0.5 C
drag b
 (4)
The drag coefficient C can be easily obtained from ta-
bles available in the literature according with the object
geometry. The fluid velocity v can be calculated by (5)
 (5)
where h is the maximum height. In this particular situa-
tion it matches the cylinder piston length. This will be the
worst-case scenario since it is the maximum height re-
lated with the buoy motion.
Forces applied on buoys must also take into account
both slamming [6] and hydrostatic pressures. The slam-
ming pressure is the pressure to which a body close to the
water surface is exposed to, namely is the force caused
by the bursting of the wave that hits the body. The hy-
drostatic pressure is the force exerted by the water in the
submerged body. In this situation the body will be the
submerged buoy, which is the worst case scenario.
Equation (6) was used for the calculation of the slam-
ming pressure pslam
slamb slam
  (6)
where Cslam is the slamming pressure coefficient. For flat
surfaces it must not be less than 2, which is the worst
case scenario [7]. Equation (7) should be used for com-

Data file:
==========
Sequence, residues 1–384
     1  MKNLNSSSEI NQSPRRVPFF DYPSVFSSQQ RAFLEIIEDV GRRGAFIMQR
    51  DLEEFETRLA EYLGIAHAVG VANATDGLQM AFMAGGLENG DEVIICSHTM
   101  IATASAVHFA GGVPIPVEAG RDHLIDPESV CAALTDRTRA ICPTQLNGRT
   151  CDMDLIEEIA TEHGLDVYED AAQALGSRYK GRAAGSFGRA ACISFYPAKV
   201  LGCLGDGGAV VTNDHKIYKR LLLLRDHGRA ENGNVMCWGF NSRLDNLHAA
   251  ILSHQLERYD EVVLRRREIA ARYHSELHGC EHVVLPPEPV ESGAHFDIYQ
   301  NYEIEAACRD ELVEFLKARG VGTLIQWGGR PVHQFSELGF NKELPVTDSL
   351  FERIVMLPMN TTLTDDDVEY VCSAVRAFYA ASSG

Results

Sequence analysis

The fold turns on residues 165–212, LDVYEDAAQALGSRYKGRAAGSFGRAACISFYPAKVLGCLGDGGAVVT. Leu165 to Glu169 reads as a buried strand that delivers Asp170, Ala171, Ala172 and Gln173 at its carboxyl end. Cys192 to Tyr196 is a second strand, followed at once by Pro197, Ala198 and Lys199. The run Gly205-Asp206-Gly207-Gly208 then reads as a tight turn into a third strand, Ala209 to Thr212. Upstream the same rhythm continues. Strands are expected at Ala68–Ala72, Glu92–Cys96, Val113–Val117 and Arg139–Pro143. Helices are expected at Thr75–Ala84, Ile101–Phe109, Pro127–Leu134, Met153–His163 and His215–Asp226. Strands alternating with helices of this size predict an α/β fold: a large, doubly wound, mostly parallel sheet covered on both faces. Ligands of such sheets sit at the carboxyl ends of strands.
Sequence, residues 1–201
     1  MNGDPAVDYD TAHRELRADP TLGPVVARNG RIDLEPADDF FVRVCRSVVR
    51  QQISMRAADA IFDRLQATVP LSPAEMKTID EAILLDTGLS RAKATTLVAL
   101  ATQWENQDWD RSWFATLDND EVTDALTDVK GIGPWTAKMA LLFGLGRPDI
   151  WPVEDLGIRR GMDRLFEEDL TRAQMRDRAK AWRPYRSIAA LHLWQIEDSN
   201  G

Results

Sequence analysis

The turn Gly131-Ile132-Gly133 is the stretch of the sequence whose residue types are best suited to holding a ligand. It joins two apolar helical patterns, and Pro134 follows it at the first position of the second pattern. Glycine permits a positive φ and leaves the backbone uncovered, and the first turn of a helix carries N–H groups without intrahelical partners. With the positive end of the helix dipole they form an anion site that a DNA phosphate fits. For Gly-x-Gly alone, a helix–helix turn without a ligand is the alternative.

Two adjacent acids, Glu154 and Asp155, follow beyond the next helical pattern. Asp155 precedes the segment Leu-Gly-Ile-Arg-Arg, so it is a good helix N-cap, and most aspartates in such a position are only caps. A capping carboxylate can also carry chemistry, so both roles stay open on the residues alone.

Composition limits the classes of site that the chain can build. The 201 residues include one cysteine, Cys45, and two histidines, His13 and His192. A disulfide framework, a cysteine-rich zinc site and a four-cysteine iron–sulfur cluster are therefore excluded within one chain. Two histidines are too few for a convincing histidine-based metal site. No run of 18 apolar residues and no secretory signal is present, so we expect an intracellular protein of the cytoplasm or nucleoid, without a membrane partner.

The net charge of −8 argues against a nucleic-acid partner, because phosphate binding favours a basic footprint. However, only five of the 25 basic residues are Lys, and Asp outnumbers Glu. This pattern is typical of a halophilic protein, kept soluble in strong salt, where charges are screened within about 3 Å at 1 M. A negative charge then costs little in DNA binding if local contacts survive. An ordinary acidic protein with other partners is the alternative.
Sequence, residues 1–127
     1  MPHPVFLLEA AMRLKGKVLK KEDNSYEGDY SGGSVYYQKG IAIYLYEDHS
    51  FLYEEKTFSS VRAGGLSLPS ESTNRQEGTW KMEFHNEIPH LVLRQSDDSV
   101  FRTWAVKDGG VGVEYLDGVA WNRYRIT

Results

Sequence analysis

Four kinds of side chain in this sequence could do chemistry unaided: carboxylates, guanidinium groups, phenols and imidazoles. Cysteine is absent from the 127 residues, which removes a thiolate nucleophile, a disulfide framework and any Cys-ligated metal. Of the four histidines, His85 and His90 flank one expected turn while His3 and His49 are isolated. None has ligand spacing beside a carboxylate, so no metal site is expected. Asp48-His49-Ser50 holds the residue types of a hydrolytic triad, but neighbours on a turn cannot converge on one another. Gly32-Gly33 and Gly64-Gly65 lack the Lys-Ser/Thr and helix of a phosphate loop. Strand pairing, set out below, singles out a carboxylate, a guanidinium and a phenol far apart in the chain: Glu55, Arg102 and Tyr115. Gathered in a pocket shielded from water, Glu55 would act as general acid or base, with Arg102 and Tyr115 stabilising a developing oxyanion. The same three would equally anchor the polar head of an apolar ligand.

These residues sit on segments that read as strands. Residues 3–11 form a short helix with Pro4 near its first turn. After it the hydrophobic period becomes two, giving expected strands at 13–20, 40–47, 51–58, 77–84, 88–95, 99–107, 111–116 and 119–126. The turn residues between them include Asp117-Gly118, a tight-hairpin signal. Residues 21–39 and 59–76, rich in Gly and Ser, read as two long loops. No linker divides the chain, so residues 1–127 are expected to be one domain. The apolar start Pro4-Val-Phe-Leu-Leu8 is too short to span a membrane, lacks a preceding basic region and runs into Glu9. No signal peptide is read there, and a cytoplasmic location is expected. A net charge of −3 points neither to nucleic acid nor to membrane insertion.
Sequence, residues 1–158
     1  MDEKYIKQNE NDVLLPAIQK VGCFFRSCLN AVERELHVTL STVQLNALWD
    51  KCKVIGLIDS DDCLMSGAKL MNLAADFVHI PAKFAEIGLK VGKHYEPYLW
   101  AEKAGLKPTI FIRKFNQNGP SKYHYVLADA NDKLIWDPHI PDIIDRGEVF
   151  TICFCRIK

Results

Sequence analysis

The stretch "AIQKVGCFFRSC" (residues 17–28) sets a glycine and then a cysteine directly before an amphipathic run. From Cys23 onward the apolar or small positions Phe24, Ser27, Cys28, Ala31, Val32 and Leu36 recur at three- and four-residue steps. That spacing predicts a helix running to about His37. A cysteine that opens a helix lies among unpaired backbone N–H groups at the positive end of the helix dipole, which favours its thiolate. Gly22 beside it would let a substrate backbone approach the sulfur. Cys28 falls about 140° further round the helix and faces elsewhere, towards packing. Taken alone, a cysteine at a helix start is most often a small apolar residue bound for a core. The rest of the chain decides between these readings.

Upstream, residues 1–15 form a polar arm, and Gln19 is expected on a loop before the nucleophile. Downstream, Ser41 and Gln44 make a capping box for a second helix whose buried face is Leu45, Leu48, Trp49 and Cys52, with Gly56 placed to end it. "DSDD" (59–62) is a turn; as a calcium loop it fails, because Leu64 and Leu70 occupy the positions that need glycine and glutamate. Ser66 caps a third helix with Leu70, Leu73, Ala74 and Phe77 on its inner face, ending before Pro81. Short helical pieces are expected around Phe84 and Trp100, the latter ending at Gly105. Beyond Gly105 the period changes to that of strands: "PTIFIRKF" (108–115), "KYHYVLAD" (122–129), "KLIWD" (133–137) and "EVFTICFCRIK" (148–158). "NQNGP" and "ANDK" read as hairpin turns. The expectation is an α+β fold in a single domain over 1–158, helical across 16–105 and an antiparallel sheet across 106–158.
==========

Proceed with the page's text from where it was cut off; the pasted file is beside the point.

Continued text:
pute Cslam for wedged surfaces with an angle greater
than 15 degrees [7]
2.5/ tan.
None of the buoys used has a flat surface. Neverthe-
less, due to its shape it is impossible to identify the value
of the angle for the spherical and cylindrical buoys.
Due to this reason it was considered the worst case sce-
nario. Therefore it was used a coefficient Cslam with the
value of 2.
Equation (8) was used for the calculation of the hydro-
static pressure
 (8)
where w is the seawater density and
h is the height
5. Results and Discussion
5.1. Didactic Hydraulic PTO
Results of the simulations performed were as expected,
that is, the rotational velocity of the hydraulic motor var-
ies with the force applied on the hydraulic cylinder.
Some of the experimental results obtained during the
tests of the PTO hydraulic circuit, built with didactic
components, are presented in Table 2.